In terms of Skyfall, there’s a veritable plethora of beautifully shot scenes: Bond staring over the grey London skyline, coffins draped in the Union Jack, the opening chase sequence in Turkey, a yacht sailing towards an abandoned island when we first meet Bardem’s Silva, then there’s the whole of the third act in Scotland.

If you want to capture the rugged, majestic beauty of a wild landscape, Deakin should be on your speed-dial as a Director. He’s the man behind No Country for Old Men, True Grit, Jarhead, Shawshank Redemption – I could go on, check out his body of work.

bond skyfallJavier Bardem
What a villian! Bardem seemed to position him as the perfect blend of deranged, menacing, calculating and camp, or at least sexually ambiguous. His first scene is a classic and up there with Heath Ledger’s introduction as the Joker in The Dark Knight.

In fact, there are a lot of similarities to be drawn between Bardem’s Silva and Ledger’s Joker. In terms of physical looks, chilling back-story and meticulously planned acts of terrorism. In Dark Knight, the Joker spends about a third of the film outwitting Batman and Gordon, similarly Silva runs rings around Bond and M from his introduction up until the closing act.

That said, I’m not suggesting Ledger’s Joker would fit in Bond’s world. Bardem’s Silva still remained very much his own creation in that sense. His motivation – a deeply felt vendetta towards Judi Dench’s M – drives his actions. You’ll have to watch the film to find out why – I’ll just say that Bardem gives Silva’s motivation for vengeance against M believability. So often in action films I’ve not got on board with the villian and his or her motivations to kill someone/take over the world. In this case Bardem makes it work, giving Silva a tortured soul and fire in his eyes.

Bond and M
When talking about Mendes and themes in his work, I mentioned relationships and bonds between characters. In this case, a key driver of the film is the dynamic between Bond and M. Whilst some might feel screen-time for stunning Bond girls has been somewhat sacrificed, you could argue Bond charging around with a beautiful girl in tow doesn’t give us anything new.
judi dench
Of course you get Bond girls here, but more time is devoted to M, arguably the ultimate Bond girl in the Broccoli/Wilson era. From her casting as the first female M in Goldeneye in 1995, through to Skyfall in 2012, she’s become progressively more influential with each film, particular in Daniel Craig’s time in the role.

There’s a scene where she’s deciding whether Bond is fit for active duty and Mallory – played by Ralph Fiennes – says to her, ‘You’re sentimental about him’. Mendes lets this relationship unfold superbly, culminating in a tender, elegant and heartfelt moment in the third act.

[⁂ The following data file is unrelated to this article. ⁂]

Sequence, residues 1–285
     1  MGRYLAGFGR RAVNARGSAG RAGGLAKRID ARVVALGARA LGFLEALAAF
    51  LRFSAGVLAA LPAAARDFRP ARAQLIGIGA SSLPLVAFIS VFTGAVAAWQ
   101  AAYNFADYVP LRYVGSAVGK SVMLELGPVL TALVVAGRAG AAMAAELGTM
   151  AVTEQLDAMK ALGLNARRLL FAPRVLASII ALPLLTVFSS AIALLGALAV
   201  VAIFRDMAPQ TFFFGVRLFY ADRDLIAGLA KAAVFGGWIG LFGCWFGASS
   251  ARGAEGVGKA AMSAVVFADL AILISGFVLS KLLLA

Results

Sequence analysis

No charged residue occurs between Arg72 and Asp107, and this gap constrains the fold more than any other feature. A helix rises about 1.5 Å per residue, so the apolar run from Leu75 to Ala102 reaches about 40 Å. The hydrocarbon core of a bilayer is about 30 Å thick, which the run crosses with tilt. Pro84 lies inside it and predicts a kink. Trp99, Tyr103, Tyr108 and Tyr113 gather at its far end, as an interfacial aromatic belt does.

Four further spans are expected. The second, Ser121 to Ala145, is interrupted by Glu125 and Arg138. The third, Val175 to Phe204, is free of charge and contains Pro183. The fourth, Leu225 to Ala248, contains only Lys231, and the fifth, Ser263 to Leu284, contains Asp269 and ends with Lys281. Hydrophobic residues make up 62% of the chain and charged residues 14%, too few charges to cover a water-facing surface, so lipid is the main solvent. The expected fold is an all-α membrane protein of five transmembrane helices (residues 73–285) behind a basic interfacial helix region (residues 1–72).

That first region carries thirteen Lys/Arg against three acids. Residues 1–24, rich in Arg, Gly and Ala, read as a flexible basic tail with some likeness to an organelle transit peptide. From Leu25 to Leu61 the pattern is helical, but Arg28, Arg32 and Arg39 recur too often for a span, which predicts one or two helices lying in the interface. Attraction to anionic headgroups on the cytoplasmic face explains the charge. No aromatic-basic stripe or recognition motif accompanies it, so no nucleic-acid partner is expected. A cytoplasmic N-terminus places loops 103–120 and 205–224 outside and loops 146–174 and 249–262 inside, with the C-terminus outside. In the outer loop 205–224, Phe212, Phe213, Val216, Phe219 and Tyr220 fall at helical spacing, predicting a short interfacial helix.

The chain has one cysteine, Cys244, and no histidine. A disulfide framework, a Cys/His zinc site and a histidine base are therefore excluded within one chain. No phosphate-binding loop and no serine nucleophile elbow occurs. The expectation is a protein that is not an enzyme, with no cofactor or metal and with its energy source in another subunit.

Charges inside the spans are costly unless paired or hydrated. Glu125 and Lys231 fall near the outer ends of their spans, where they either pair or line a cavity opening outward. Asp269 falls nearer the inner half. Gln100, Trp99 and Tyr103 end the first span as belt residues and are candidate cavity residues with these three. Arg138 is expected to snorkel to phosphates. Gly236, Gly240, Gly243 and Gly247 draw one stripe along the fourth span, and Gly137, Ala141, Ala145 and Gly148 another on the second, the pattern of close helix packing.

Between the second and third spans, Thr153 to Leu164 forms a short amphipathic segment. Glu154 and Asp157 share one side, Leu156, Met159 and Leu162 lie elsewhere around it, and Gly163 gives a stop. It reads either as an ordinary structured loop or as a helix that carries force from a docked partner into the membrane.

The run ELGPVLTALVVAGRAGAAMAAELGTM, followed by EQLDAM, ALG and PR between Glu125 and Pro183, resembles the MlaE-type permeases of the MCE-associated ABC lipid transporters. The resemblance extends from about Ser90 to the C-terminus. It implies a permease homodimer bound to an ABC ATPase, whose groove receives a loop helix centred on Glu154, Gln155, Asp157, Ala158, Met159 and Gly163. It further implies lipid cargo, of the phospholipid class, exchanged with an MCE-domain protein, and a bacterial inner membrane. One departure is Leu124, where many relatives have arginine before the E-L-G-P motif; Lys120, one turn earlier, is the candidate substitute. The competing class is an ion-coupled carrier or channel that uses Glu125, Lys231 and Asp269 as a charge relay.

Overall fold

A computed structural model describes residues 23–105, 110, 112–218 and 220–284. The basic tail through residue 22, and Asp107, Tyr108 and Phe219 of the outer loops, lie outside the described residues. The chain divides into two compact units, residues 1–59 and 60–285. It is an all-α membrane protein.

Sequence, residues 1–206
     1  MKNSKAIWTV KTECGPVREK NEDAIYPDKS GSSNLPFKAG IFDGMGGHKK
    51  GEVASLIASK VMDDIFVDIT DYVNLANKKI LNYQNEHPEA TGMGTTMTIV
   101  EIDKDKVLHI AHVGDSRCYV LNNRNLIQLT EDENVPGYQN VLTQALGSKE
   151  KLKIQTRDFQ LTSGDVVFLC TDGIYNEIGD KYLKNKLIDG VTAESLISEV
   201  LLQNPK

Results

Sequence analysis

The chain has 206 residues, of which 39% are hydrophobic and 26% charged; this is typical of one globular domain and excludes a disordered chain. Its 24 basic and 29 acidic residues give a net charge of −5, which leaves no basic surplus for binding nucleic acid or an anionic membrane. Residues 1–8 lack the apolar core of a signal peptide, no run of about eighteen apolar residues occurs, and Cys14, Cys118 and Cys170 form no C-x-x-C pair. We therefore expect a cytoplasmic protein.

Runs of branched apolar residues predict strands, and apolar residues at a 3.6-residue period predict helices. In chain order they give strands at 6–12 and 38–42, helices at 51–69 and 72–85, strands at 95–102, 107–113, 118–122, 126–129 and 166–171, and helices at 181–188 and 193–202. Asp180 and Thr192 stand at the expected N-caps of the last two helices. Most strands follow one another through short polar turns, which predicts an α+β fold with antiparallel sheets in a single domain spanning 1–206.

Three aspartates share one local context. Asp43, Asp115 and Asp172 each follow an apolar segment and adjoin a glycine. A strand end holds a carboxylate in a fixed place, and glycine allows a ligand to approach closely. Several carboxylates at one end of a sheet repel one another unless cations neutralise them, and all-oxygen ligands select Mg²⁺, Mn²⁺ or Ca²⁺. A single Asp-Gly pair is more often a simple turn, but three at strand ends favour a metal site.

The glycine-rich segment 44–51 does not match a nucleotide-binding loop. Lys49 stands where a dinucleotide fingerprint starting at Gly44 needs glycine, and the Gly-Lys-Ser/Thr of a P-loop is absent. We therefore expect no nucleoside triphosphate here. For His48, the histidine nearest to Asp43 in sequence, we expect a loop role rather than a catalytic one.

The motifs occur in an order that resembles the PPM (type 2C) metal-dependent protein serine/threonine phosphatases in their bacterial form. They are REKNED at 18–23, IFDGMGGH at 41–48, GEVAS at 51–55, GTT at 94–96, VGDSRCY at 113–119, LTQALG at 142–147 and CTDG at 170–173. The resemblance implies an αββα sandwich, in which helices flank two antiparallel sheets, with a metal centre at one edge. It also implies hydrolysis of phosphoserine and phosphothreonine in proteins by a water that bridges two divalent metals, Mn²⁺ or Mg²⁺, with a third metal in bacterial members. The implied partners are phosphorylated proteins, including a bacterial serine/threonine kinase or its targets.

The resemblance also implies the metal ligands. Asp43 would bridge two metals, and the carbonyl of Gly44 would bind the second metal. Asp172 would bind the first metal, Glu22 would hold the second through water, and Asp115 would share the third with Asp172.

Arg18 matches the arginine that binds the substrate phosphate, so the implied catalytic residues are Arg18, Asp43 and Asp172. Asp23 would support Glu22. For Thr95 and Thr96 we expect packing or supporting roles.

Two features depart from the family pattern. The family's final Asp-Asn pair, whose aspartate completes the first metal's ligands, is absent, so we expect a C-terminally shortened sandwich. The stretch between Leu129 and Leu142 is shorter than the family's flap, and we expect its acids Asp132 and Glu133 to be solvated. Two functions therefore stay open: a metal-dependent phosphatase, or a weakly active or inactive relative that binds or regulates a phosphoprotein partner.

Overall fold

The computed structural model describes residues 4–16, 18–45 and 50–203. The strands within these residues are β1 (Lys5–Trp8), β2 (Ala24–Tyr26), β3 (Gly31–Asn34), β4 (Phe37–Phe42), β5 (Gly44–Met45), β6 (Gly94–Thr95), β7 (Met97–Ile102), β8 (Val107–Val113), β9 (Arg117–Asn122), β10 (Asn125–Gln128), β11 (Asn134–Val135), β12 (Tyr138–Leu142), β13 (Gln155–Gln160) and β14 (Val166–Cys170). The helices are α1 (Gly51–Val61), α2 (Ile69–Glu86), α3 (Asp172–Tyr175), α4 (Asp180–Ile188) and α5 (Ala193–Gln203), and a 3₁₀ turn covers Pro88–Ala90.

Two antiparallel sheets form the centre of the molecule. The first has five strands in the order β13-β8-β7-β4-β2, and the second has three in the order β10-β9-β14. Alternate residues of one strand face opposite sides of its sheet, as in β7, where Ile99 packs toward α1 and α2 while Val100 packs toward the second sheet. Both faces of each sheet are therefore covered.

50 years of Bond
I’d like to finish with a musical clip below by A. Skilz and Krufty Kutz, submitted to Annie Mac’s show on BBC Radio One in the UK. They created it to celebrate 50 years of Bond. If you’ve forgotten what’s so good about the character and this franchise, remind yourself now. I guarantee you’ll be giddy with excitement at the end. Proud to be British.

Michael Fassbender: The shame of Hollywood

ridley scott cormac mccarthy

What is it with Michael Fassbender? Until a few years ago most of us had never heard of him. Now he seems to be in practically everything. Let’s get this straight, this post isn’t a rant in his general direction, I think he’s a phenomenal actor. It’s just we’re all liable to suffer Fassbender burnout if his output of films continues at the current rate.

michael fassbender in fish tankCast your minds back to 2008, his breakout came playing Bobby Sands in Steve Mcqueen’s, Hunger. This put him on the map. In 2009 he appeared in Fish Tank, a gritty drama set in an English council estate, highly recommended.

He then pretty much stole the show as Lt. Archie Hicox in Inglourious Basterds. Whilst Tarantino does write damn good dialogue and create a seriously tense, yet darkly comic scene – it’s Fassbender that makes this truly special. Watch the flicker of his eyes when he knows his time is up, then switching from German to the King’s English. Classic stuff.

Then in 2010 he appeared in Jonah Hex and Centurion, neither particularly memorable, critically or commercially. However, this didn’t stop the mighty Fassbender. The following year he really began to get into his stride, playing lead roles in Jane Eyre, X Men: First Class, A Dangerous Method, Shame, Haywire and Prometheus.